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Cancer Genetics

Cancer is a common condition but inherited cancers are rare. Only about 5 to 10% of all cancers are inherited. If you have a significant personal or family history of cancer we can sometimes arrange a test to see if one of these genes is present in your family. 

How do I know if I have a significant personal or family history of cancer?

  • Do you have two or more close relatives on the same side of your family with the same or a related cancer?
    Cancers that can sometimes be related include:
    1. Breast and ovarian cancer
    2. Bowel and womb cancer
  • Have you or a close relative had two separate cancer diagnoses (not one cancer that has spread)?
  • Have you or a close relative been diagnosed with cancer at a much younger age than would normally be expected for that cancer type? 

If you have answered 'yes' to any of these questions, please discuss your concerns with your GP or healthcare professional who can decide if you should be referred to us for a fuller assessment.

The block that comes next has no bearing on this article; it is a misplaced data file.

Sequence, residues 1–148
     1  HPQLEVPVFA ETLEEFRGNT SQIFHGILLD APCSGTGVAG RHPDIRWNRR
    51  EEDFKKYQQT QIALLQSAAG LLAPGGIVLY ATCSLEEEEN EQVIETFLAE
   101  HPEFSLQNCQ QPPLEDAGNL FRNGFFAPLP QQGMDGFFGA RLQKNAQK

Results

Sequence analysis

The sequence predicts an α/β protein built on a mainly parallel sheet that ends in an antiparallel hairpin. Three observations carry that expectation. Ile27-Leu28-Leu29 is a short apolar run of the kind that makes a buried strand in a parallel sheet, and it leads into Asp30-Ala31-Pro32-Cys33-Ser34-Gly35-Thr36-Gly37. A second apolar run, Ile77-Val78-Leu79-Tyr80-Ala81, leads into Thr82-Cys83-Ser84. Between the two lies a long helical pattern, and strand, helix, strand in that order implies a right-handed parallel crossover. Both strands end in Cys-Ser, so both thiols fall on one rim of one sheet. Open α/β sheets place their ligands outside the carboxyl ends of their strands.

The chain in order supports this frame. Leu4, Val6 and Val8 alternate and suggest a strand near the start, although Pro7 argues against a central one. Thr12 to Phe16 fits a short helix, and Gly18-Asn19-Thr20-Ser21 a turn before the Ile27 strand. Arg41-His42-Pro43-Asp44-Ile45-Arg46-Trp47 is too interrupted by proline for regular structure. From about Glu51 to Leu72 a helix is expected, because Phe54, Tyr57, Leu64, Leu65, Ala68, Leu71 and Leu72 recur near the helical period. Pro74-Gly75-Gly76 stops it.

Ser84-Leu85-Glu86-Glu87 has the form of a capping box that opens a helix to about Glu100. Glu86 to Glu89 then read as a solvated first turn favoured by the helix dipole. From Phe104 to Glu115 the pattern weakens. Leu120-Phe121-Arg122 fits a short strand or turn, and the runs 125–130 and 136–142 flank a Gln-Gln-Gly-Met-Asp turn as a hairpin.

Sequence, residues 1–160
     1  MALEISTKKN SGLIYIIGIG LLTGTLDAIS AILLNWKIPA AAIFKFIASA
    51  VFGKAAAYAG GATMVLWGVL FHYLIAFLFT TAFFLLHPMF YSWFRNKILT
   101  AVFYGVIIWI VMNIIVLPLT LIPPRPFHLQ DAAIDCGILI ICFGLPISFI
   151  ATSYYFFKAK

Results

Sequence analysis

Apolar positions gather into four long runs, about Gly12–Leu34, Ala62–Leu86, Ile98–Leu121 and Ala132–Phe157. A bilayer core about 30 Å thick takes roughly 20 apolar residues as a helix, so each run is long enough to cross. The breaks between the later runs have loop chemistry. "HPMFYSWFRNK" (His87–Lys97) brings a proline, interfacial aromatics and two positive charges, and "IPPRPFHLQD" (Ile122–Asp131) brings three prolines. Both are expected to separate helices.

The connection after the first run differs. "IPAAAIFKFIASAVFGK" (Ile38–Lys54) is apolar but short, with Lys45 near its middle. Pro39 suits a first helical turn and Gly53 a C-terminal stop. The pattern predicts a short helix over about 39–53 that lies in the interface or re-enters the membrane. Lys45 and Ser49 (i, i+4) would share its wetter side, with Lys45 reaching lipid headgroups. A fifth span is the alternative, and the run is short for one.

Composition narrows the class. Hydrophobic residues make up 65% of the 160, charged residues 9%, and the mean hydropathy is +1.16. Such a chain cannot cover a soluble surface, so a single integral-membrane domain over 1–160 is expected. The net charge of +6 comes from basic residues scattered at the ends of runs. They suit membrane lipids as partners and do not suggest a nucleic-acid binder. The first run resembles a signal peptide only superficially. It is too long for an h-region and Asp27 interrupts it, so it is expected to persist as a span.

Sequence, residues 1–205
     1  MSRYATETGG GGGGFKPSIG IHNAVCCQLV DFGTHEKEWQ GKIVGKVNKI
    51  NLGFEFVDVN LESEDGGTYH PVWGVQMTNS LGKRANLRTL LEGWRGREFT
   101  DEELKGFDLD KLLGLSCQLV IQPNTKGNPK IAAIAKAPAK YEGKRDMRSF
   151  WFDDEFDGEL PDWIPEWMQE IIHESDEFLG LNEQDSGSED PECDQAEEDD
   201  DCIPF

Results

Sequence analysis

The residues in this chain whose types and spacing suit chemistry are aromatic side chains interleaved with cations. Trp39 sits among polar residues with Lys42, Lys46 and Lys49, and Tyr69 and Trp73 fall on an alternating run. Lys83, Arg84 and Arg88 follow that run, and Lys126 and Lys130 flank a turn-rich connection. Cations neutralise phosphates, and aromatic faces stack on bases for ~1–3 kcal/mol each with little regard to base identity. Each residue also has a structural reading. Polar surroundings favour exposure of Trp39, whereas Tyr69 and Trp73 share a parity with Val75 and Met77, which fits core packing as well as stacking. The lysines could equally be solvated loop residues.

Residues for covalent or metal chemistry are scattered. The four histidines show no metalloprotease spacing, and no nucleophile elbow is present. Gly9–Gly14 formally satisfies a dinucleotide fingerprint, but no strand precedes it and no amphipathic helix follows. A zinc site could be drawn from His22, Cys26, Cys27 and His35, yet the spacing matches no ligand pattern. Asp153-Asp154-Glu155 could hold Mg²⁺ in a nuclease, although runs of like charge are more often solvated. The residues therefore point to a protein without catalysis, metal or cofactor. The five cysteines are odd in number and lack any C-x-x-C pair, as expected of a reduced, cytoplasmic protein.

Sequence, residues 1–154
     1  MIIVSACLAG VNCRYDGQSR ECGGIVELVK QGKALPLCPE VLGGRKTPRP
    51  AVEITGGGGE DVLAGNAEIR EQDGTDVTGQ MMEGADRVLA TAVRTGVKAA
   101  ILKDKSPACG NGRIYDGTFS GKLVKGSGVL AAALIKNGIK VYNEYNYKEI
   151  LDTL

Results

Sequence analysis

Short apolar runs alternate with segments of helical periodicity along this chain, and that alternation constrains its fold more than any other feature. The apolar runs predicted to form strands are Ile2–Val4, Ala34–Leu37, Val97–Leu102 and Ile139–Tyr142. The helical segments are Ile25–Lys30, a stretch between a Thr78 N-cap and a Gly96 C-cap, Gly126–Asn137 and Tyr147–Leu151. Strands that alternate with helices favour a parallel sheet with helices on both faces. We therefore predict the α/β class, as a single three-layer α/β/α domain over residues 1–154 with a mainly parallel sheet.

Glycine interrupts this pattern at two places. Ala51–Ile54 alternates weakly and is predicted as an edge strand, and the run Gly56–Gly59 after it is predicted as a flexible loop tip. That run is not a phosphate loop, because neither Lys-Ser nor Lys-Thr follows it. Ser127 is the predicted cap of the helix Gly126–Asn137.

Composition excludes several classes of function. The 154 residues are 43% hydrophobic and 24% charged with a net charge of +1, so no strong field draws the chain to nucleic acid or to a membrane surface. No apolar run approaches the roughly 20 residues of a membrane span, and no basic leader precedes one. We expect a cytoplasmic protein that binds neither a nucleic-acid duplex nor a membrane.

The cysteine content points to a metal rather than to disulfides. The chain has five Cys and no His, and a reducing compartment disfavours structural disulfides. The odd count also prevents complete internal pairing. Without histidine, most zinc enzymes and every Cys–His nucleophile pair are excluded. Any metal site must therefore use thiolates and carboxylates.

What happens if I am referred for cancer risk assessment?

After you are referred to the Cancer Genetics Service it can take many months before you are seen in clinic. This is because we first try to find out about your family history so that our risk assessment is as accurate as possible.

  1. In most cases we will ask you to fill in a questionnaire about your family history information
  2. When this is returned to us we will try to confirm the cancers in your family. This can sometimes take several months
  3. Once we have confirmed as much as possible, your risk will be assessed by a genetics doctor
  4. a) Some patients will be invited to come to clinic to see one of our specialist genetic staff. Some of these patients may be offered additional surveillance (e.g. mammogram, colonoscopy, etc.) and/or genetic testing
    b) Alternatively, some patients will not be at significantly increased risk of developing cancer and will receive a letter from us explaining their level of risk